• If you want to do a bunch of self-sacrificing, speculative burnout stuff anyway, I don't believe for a minute that it's because you are making a principled, altruistic, +EV decision due to short AI timelines, or something. That's totally inhuman. I think it's probably basically because you have a kind of outsized ego and you can't emotionally handle the idea that you might not be the center of the world.

P.S. I realize you were trying to make a more general point, but I have to point out that all this SBF psychoanalysis is based on extremely scanty evidence, and having a conversation framed as if it is likely basically true seems kind of foolish.

From the HN comments:

If my test suite never ever goes red, then I don't feel as confident in my code as when I have a small number of red tests.

That seems like an example of this that I have definitely experienced, where A is "my code is correct", B is "my code is not correct", and the failure case is "my tests appear to be exercising the code but actually aren't."

I don't really think that cost is an important bottleneck anymore. I and many others have a Rift collecting dust because I don't really care to use it regularly. Many people have spent more money on cameras, lighting, microphones, and other tinkering for Zoom than it would cost them to buy a Quest.

Any technology is more useful if everyone owns it, but to get there, it has to be useful at reasonable levels of adoption (e.g. a quarter of your friends own it), or it's not going to happen.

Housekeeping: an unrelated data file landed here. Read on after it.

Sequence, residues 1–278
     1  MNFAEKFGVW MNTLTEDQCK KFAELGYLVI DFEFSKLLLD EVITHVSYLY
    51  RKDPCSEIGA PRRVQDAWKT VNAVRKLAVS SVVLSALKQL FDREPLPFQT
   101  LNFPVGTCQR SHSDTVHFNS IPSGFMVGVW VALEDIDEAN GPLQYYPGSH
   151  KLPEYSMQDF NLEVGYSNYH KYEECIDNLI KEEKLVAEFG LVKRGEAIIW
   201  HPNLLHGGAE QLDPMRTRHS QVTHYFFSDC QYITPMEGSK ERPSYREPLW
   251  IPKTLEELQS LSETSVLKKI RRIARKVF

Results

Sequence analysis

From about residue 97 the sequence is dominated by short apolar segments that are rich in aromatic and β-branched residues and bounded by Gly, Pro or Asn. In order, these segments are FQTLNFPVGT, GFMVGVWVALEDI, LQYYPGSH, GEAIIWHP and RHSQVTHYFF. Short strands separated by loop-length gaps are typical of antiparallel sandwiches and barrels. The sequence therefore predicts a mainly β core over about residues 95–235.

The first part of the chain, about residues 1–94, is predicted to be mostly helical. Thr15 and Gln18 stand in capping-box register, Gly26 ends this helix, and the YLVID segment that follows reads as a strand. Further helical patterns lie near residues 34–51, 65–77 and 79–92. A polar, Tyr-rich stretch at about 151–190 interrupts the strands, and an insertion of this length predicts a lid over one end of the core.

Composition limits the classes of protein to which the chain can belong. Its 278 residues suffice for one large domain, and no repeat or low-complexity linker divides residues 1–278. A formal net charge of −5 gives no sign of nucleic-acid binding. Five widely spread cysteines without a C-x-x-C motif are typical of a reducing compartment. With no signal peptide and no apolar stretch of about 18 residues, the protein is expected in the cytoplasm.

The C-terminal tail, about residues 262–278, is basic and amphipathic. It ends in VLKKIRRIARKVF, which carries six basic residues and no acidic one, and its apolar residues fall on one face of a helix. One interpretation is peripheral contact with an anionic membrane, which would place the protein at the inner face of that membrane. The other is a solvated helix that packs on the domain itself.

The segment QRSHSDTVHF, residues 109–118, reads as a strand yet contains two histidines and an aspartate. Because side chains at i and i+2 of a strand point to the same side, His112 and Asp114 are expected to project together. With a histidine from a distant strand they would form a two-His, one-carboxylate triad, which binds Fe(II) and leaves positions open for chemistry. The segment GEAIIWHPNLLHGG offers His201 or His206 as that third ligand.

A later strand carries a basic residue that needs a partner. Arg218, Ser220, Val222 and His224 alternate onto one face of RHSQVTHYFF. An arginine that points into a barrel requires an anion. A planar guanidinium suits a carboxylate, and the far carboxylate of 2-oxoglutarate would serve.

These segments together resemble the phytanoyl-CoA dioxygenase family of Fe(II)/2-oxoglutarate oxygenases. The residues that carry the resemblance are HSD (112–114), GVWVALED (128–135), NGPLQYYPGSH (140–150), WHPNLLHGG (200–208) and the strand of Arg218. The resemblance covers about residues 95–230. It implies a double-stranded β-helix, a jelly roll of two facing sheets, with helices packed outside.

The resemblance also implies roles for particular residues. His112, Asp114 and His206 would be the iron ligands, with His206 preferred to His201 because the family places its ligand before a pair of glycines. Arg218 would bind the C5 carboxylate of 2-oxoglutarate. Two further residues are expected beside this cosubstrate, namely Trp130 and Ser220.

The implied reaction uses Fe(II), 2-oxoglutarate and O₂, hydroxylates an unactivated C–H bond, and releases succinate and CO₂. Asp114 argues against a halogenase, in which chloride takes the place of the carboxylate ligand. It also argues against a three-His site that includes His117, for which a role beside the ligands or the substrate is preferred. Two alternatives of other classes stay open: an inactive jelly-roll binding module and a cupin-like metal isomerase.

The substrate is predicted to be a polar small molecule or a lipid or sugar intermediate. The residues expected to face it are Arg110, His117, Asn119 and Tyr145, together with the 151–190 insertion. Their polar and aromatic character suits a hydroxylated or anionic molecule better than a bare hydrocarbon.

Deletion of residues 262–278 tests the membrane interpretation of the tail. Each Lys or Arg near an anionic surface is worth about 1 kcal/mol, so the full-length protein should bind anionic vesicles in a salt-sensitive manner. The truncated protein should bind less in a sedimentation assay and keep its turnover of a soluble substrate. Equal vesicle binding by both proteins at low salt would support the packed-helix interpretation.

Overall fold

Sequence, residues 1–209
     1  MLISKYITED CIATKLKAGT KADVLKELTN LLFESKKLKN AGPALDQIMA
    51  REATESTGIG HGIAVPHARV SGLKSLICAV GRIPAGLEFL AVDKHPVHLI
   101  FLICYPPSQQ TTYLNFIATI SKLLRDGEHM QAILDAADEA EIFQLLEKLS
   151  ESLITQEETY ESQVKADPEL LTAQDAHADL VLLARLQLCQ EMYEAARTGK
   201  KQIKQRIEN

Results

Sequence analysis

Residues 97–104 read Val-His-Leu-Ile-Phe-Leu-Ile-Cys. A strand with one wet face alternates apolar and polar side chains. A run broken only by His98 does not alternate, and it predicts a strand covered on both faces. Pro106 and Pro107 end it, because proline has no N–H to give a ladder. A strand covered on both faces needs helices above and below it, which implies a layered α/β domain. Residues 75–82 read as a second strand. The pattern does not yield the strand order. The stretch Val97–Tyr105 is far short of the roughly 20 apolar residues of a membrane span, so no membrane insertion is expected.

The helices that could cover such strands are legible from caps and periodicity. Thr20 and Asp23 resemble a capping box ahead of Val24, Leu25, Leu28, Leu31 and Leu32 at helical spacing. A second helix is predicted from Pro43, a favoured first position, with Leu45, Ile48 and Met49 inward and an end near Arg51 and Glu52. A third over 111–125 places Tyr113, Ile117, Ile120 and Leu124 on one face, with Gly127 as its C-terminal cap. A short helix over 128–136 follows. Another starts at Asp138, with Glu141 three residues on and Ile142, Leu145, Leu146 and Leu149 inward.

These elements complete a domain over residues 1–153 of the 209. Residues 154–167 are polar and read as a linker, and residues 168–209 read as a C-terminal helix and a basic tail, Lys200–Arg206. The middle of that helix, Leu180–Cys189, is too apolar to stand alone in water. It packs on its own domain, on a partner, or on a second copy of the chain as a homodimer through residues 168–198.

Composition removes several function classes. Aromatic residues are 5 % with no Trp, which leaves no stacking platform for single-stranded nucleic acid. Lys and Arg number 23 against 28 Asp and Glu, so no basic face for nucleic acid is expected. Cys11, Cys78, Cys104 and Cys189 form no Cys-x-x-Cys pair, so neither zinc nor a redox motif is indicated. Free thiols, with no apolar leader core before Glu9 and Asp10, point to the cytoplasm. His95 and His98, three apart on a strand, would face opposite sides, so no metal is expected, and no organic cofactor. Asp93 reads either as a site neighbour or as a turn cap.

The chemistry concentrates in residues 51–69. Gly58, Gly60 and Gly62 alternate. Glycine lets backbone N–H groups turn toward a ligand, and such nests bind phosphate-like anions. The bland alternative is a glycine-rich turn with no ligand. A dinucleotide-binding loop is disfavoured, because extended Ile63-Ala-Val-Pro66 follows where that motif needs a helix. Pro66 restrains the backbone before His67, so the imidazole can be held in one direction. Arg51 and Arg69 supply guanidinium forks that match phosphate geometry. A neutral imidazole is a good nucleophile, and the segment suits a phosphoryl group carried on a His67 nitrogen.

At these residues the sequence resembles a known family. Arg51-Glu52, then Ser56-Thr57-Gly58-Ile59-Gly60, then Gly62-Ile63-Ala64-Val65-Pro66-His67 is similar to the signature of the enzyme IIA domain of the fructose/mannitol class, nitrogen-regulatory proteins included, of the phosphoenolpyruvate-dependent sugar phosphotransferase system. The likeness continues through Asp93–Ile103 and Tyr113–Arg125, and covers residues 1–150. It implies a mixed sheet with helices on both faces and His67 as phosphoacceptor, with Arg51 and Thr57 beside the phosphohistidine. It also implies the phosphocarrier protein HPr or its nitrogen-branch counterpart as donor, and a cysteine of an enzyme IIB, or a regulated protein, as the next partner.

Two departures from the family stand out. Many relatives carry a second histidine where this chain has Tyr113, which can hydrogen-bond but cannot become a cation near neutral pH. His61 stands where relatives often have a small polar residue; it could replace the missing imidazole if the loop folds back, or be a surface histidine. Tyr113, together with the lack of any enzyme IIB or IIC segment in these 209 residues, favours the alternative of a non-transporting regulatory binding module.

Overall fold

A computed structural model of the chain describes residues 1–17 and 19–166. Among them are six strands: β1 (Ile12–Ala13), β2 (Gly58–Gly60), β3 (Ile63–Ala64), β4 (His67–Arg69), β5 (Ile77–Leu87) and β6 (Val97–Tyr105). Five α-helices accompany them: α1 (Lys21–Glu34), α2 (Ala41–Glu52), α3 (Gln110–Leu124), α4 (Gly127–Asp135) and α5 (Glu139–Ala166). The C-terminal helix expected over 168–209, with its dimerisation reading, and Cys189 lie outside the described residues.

To me, the plausible route towards getting lots of people into VR for meetings is to have those people incidentally using a headset for all kinds of everyday computing stuff -- watching movies, playing games, doing office work -- and then, they are already wearing it and using it, and it's easy to have meetings with everyone else who is also already wearing it and using it. That's clearly achievable but also clearly not ready yet.

I don't think it's going to be transformative until you are happy to wear a headset for hours on end. In and of themselves, VR meetings are better than Zoom meetings, but having a headset on sucks compared to sitting at your computer with nothing on your face.

I used to think it was a good idea to experiment with basically every psychoactive drug, but nowadays I am more skeptical of anyone's understanding of the effects of basically any chemical intervention on the human body, and I adopt more of a "if it's not broken, don't fix it" principle towards all of it. It's a lot easier to make my body or mind work worse than to make it work better.

(Of course, if you were already "pretty sure" you were trans, then that's a different story.)

It may be entirely a myth, or may have been true only long ago, or may be applicable to specific sub-industries. It doesn't have anything to do with my experience of interviewing applicants for random Silicon Valley startups over the last decade.

There is a grain of truth to it, which is that some people who can muddle through accomplishing things given unlimited tries, unlimited Googling, unlimited help, unlimited time, and no particular quality bar, do not have a clear enough understanding of programming or computing to accomplish almost anything, even a simple thing, by themselves, on the first try, in an interview, quickly.

If alignment is about getting models to do what you want and not engaging in certain negative behavior, then researching how to get models to censor certain outputs could theoretically produce insights for alignment.

I was referred by 80k Hours to talk to a manager on the OpenAI safety team who argued exactly this to me. I didn't join, so no idea to what extent it makes sense vs. just being a nice-sounding idea.